I could go on for some time about maca (and there are lots of websites for further research) but here’s what I suggest: Drink Maca Chocolaté and discover its effects for yourself. I can’t wait to hear what your experience is so please do share it in our product reviews or write a testimonial on our website. You could be the next winner of our $25 award for the best testimonial of the month!

Lucila is a new Teeccino Ambassador right here in Southern California where our company is based. She recently told us about her MOPS. org event with 100 Moms meeting up! She wrote: “These are pics from my Santa Ynez Valley MOPS meeting. We meet twice a month and there are about 100 moms attending each […]

Lisa of Kitchen Counter Intelligence is an integrative health coach and a Teeccino Ambassador who has done a number of fun Ambassador events, like a recent one at the police officers’ banquet with her son. She wrote in after her most recent event – her parents’ 50th wedding anniversary (!) and she told us the […]

Whether you’re hosting a large or small gathering this holiday season, you’ll want a quick way to serve a festive cup of Teeccino to accompany your desserts. After all that work of getting the dinner on the table, let’s keep it simple yet delicious! Here are 3 ways I recommend to make a holiday cup of Teeccino depending on how many guests you’ll be serving:


Less than 8 people:Less than 8 people: Use a drip coffee maker to make 10-12 cups of brewed Teeccino.

8-15 people: If your cup size is 8-10oz, you’ll need to brew more than a single pot in your 10-12 cup drip coffee maker. Be efficient and brew 2 pots of Teeccino ahead of time. Store the brewed liquid in your refrigerator (you can store chilled Teeccino for a week or more!) and when you want to serve it, pour it into a pot and heat it up on your stove. Ladle the hot Teeccino into your cups. Alternatively, you can brew Teeccino an hour or two in advance and store it in an airport.

16-60+ people: Brew 1 to 2 gallons of Teeccino using a coffee urn. Urns are sold based on the number of cups they serve, but remember that a coffee “cup” is only 5oz. An urn that is supposed to brew 100 cups, only brews 67 x 8 oz cups. That’s why I like to measure the water in gallons (128 fluid oz/gallon). 1 cup of Teeccino all-purpose grind brews 1 gallon in an urn. Use 2 cups to make 2 gallons. Couldn’t be simpler! Just pour a gallon of water into an urn and add 1 cup of Teeccino to the brew basket. Start your urn brewing at least 50 minutes ahead of the time when you want it to be ready. Urns make it easy to serve a lot of people at once.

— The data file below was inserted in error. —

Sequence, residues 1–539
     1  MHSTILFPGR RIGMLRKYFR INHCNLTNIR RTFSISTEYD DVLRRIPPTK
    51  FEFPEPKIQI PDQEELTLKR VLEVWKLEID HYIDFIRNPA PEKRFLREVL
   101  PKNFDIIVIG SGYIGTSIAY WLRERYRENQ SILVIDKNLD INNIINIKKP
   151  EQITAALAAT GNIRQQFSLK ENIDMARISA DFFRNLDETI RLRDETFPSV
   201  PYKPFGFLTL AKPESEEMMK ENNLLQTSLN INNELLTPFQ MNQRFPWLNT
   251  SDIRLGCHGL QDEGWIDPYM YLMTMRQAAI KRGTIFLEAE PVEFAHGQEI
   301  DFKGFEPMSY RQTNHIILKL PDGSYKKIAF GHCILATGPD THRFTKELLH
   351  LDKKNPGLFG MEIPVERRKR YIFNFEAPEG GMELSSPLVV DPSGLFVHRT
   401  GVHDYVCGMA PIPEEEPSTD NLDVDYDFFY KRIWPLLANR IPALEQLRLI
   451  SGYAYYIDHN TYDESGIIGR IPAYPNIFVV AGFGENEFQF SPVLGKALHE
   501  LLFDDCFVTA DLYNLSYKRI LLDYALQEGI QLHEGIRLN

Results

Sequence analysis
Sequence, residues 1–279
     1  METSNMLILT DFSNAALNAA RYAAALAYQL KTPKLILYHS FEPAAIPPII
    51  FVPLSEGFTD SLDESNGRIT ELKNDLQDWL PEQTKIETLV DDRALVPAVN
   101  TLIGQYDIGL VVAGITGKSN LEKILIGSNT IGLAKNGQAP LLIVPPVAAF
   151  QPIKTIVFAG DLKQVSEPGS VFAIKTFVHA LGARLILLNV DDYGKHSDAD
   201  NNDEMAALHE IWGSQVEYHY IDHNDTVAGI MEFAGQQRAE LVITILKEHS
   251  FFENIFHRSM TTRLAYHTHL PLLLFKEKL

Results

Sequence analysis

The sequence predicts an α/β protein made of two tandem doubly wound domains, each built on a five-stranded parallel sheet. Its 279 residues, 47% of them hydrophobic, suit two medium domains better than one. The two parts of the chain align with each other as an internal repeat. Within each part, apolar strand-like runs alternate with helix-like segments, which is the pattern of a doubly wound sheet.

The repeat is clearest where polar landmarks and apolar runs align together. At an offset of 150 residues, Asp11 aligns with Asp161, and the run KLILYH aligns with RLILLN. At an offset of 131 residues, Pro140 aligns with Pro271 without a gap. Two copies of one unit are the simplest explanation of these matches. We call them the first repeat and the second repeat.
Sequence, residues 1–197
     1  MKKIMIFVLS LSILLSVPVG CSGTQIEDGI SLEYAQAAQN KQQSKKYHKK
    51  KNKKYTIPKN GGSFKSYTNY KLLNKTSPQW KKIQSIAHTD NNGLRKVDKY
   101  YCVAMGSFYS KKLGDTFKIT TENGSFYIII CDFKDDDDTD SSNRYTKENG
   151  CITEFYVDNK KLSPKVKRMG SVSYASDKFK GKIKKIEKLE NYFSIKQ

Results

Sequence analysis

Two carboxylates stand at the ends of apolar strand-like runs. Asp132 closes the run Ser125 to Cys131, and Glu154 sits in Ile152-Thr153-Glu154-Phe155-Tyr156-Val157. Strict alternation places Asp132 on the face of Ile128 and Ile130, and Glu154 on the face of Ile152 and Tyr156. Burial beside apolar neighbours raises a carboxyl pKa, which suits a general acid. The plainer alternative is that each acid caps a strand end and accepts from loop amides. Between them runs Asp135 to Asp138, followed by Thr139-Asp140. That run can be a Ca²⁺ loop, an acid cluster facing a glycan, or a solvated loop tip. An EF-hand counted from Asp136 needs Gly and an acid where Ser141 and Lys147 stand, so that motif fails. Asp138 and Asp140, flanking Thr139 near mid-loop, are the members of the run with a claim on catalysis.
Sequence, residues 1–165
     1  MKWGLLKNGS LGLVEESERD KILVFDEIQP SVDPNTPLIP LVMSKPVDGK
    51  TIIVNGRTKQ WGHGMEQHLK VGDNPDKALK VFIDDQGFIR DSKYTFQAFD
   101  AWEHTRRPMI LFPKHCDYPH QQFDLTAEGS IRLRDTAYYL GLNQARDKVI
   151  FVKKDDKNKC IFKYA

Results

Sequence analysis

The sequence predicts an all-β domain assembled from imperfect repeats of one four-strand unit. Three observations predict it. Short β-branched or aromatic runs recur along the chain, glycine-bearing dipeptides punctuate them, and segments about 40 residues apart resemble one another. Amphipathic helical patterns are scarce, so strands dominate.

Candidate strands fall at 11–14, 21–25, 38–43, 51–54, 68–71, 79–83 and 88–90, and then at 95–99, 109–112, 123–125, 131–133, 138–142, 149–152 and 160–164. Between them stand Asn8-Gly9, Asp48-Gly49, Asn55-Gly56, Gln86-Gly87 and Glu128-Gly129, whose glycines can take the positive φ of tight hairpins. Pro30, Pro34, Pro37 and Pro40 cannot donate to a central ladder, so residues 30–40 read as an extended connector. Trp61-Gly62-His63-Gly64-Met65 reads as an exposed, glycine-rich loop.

We offer attractive laminated custom labels so you can purchase the flavor of your choice to hang from the urn.


Maple Cappuccinos: 

  • Heat milk or a non-dairy alternative in a pot on the stove. You’ll need 2 oz of milk per cup. 
  • Use a handheld milk frother to whisk the milk into a foamy froth.
  •  Fill your cups to 3/4 with brewed Teeccino. 
  • Spoon the frothy milk into the cup to create a cappuccino topping. 
  • Then pour in the remaining hot milk to fill the cups to the top. 
  • Sweeten with 1-2 tablespoons of maple syrup that you dribble over the foam!

Mocha Cappuccinos:  

  • Fill your cups to 3/4 with brewed Teeccino. 
  • Add 1-2 tablespoons of chocolate syrup. 
  • Stir well. 
  • Top with foamy milk as described above. 
  • Sprinkle cocoa powder over the top of the foam.

Teeccino with Liqueurs:

  • Baileys® Irish Cream: Add 1-2 tablespoons to each cup of hot brewed Teeccino. No need to add milk to these cups but if you want a foamy cappuccino, just follow the directions above. Baileys® makes every flavor of Teeccino deliciously superb!
  • Frangelico®: Add 1-2 tablespoons to each cup of hot brewed Teeccino. Absolutely divine with Hazelnut Teeccino!
  • Godiva® Dark or Milk Chocolate Liqueur: Add 1-2 tablespoons to each cup of hot brewed Teeccino. Dark chocolate has no cream in it, milk chocolate does. You should use the dark for a richer chocolate flavor or the milk chocolate to take the place of milk. Chocolate heaven coming right up!
Maple Cappuccino
Mocha Cappuccino

Frequently we’re asked, “What’s the pH of Teeccino?” People are confused because we know that Teeccino is alkaline for the body, but if brewed Teeccino is tested with a simple pH strip, you get varying results.

The difference starts with the pH of the water used to brew. Alkaline waters are very popular these days, but some are made artificially alkaline and others are naturally alkaline. What’s the difference? The same thing that makes Teeccino alkaline regardless of the water’s pH: the presence of alkaline minerals provided by nature.


Pure, neutral water has a pH of 7.0. Mineral water made by nature, which naturally absorbs alkaline minerals when passing over rocks or filtered through the earth, can have a pH up to 9.5-10.0. Alkaline water, manufactured artificially using ionizer machines, doesn’t provide alkaline minerals although it has a pH of 9.5. On the other hand, water used in bottled beverages usually starts with a low pH of 4.0-4.5 in order to prevent microbes from growing in it. Thus mineral water has an alkaline pH but bottled teas, sodas, kombucha and juices must have an acidic pH below 4.6 as required by law.